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S & H Concert Review

Crawford Seeger, Berg, Shostakovich. London Symphony Orchestra/Michael Tilson Thomas, Anne-Sophie Mutter (violin). Barbican Concert Hall, Wednesday, November 6th, 2002 (CC)

 

This was the second of the five concerts which make up the LSO's 'Last Works' series. With such an emotive work as Berg's Violin Concerto taking up the majority of the first half, openers had to be carefully chosen. Ruth Crawford Seeger's 'Andante for Strings' is a 1938 arrangement of the third movement of her 1931 String Quartet. Andrew Clements' informative programme note tells how Crawford Seeger's compositional activities declined after her marriage to the musicologist Charles Seeger in November 1931, as her interests moved towards folk-music. On this evidence, that seems a pity.

Jenny Lin's excellent disc of Crawford Seeger's piano music on BIS (CD1310: see review) alerted me to this composer's talents, and the 'Andante' did not disappoint. This piece shows a remarkably fertile imagination at work. The slow, shifting, dark-hued opening (for lower strings) sets up the intense aura of the piece. The dense textures expand, leading to a massive texture (with beefy double-basses on this occasion) before subsiding to the starting-point. The more I hear of this lady's music, the more I want to hear.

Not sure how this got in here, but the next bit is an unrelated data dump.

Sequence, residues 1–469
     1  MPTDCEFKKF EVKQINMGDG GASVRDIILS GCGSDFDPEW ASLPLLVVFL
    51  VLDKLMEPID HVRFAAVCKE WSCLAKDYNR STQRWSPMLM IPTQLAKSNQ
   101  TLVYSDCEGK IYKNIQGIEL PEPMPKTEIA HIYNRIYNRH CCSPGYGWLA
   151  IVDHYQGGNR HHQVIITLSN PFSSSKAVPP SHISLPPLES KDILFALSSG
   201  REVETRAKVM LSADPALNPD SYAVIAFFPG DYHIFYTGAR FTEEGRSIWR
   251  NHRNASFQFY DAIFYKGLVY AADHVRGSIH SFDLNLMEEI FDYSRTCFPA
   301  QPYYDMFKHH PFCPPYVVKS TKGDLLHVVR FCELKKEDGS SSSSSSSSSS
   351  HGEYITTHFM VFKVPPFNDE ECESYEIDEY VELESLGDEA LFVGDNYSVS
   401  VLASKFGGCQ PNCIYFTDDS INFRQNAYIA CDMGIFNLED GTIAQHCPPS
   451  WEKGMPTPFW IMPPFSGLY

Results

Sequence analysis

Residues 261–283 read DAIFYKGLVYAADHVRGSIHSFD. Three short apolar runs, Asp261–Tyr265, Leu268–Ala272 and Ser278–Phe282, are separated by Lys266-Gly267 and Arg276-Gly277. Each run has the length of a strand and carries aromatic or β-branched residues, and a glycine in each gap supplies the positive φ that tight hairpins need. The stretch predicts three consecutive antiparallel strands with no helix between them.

The 'Andante''s sombre atmosphere paved the way perfectly for Berg's Violin Concerto, a piece which was premiered two years after the composer's death. Mutter's 1992 recording of the Concerto has been a leader in its field since it was issued (DG 437 093-2, with the Chicago Symphony Orchestra under James Levine).

Before getting into a discussion of Mutter's contribution it is important to note that Tilson Thomas and the LSO penetrated to the heart of Berg's individual language (as opposed to the Italianate gloss of Pappano's 'Wozzeck' at the Royal Opera, for example). The orchestra rose successfully to every challenge Berg threw at them; the seemingly inevitable entry of the Bach Chorale, 'Es ist genug' was pure magic.

The performance was Mutter's, however. Her very first, open-stringed entry established a stasis and what I can only describe as a 'white' sound. The whole opening paragraph was gentle and tender, leading to a technically impeccably polished but emotionally vivid Allegretto. But the Second Part of the Concerto topped even this, its dramatic and powerful gestures leading to a cadenza which can only be described as miraculous. The ending, when Mutter soared perfectly and purely upwards, was immensely moving. A marvellous achievement.

Shostakovich's last symphony (1971) is enigmatic in nature and daunting to bring off convincingly. The demands on the players are high and the LSO acquitted themselves with awe-inspiring confidence. The rhythmic bounce of the first movement was well caught, the 'William Tell' quote presented in the tightest of fashions. Tilson Thomas throughout made the most of Shostakovich's intentionally crass juxtapositions. The brass were resplendent in the second movement (where the solo cellist also shone).

The spiky grotesqueries of the third movement were perfectly captured, as were the doom-laden Wagner quotes of the finale. This brought to an end an evening of difficult, but rewarding, listening. It was wonderful to hear the LSO on such form.

Colin Clarke


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